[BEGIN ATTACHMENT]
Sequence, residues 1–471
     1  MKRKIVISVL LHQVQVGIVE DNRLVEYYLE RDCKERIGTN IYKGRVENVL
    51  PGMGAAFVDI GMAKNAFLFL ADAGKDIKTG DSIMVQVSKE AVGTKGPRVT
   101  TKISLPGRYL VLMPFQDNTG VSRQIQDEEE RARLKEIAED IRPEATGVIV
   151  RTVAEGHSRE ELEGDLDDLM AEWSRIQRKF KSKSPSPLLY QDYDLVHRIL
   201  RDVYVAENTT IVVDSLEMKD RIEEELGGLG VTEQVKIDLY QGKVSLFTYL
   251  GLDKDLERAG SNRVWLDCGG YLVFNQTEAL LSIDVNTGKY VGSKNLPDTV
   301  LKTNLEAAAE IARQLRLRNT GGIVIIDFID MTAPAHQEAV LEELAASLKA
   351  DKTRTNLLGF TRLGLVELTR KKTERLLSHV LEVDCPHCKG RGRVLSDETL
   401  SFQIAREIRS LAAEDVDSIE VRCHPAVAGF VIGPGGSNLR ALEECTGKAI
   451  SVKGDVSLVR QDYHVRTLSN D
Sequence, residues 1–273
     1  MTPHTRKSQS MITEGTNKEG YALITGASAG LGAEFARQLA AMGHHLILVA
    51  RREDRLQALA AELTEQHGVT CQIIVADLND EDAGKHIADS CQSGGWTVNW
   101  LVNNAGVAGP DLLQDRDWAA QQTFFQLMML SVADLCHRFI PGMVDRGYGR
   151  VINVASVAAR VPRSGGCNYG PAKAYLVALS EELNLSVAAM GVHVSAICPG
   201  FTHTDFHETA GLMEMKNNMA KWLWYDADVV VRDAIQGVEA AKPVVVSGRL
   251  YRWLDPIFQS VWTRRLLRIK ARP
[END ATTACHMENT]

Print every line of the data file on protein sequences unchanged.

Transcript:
Sequence, residues 1–471
     1  MKRKIVISVL LHQVQVGIVE DNRLVEYYLE RDCKERIGTN IYKGRVENVL
    51  PGMGAAFVDI GMAKNAFLFL ADAGKDIKTG DSIMVQVSKE AVGTKGPRVT
   101  TKISLPGRYL VLMPFQDNTG VSRQIQDEEE RARLKEIAED IRPEATGVIV
   151  RTVAEGHSRE ELEGDLDDLM AEWSRIQRKF KSKSPSPLLY QDYDLVHRIL
   201  RDVYVAENTT IVVDSLEMKD RIEEELGGLG VTEQVKIDLY QGKVSLFTYL
   251  GLDKDLERAG SNRVWLDCGG YLVFNQTEAL LSIDVNTGKY VGSKNLPDTV
   301  LKTNLEAAAE IARQLRLRNT GGIVIIDFID MTAPAHQEAV LEELAASLKA
   351  DKTRTNLLGF TRLGLVELTR KKTERLLSHV LEVDCPHCKG RGRVLSDETL
   401  SFQIAREIRS LAAEDVDSIE VRCHPAVAGF VIGPGGSNLR ALEECTGKAI
   451  SVKGDVSLVR QDYHVRTLSN D
Sequence, residues 1–273
     1  MTPHTRKSQS MITEGTNKEG YALITGASAG LGAEFARQLA AMGHHLILVA
    51  RREDRLQALA AELTEQHGVT CQIIVADLND EDAGKHIADS CQSGGWTVNW
   101  LVNNAGVAGP DLLQDRDWAA QQTFFQLMML SVADLCHRFI PGMVDRGYGR
   151  VINVASVAAR VPRSGGCNYG PAKAYLVALS EELNLSVAAM GVHVSAICPG
   201  FTHTDFHETA GLMEMKNNMA KWLWYDADVV VRDAIQGVEA AKPVVVSGRL
   251  YRWLDPIFQS VWTRRLLRIK ARP